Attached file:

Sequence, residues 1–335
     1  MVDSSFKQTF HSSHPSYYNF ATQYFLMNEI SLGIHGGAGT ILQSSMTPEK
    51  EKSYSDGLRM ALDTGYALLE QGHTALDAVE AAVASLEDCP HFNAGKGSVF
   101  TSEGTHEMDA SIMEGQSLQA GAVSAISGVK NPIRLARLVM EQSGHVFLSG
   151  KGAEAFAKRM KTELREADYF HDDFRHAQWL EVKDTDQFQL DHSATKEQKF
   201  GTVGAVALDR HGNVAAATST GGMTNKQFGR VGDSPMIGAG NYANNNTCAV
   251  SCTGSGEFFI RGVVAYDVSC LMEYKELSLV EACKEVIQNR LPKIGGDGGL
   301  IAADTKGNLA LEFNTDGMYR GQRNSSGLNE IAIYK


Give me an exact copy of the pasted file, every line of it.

Sequence, residues 1–335
     1  MVDSSFKQTF HSSHPSYYNF ATQYFLMNEI SLGIHGGAGT ILQSSMTPEK
    51  EKSYSDGLRM ALDTGYALLE QGHTALDAVE AAVASLEDCP HFNAGKGSVF
   101  TSEGTHEMDA SIMEGQSLQA GAVSAISGVK NPIRLARLVM EQSGHVFLSG
   151  KGAEAFAKRM KTELREADYF HDDFRHAQWL EVKDTDQFQL DHSATKEQKF
   201  GTVGAVALDR HGNVAAATST GGMTNKQFGR VGDSPMIGAG NYANNNTCAV
   251  SCTGSGEFFI RGVVAYDVSC LMEYKELSLV EACKEVIQNR LPKIGGDGGL
   301  IAADTKGNLA LEFNTDGMYR GQRNSSGLNE IAIYK